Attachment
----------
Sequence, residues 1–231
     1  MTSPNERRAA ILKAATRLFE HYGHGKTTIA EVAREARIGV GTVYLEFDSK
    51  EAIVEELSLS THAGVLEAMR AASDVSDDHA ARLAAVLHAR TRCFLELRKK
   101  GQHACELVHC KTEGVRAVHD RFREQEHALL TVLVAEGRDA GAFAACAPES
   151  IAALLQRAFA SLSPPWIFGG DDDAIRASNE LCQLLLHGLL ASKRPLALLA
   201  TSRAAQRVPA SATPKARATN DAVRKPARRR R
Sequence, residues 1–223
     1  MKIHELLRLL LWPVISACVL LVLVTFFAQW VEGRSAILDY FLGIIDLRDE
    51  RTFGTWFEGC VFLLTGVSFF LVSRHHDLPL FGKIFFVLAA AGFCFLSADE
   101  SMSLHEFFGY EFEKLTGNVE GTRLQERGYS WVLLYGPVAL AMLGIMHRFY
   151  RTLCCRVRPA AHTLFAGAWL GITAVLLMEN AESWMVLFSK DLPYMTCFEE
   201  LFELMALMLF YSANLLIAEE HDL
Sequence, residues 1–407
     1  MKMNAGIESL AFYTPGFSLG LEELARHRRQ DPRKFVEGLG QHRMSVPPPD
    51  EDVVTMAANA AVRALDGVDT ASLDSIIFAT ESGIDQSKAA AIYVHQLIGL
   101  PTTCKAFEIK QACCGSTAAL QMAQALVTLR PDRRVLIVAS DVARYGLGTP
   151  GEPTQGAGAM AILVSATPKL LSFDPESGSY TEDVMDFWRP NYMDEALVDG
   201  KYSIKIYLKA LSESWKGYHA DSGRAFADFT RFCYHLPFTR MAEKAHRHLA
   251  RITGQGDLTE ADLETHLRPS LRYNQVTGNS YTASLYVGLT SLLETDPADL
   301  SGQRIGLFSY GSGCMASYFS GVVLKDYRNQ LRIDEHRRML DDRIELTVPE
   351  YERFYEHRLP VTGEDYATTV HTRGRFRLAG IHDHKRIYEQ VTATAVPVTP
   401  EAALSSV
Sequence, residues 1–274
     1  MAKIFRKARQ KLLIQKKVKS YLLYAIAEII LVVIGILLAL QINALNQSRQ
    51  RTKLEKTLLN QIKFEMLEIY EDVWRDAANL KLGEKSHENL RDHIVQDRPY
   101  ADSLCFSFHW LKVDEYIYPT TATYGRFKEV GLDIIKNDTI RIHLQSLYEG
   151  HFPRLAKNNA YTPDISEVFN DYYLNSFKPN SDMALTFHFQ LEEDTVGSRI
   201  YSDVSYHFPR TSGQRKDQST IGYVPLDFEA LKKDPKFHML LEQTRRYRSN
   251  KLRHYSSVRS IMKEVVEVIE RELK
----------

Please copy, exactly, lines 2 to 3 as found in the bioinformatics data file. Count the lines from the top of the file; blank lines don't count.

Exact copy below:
     1  MTSPNERRAA ILKAATRLFE HYGHGKTTIA EVAREARIGV GTVYLEFDSK
    51  EAIVEELSLS THAGVLEAMR AASDVSDDHA ARLAAVLHAR TRCFLELRKK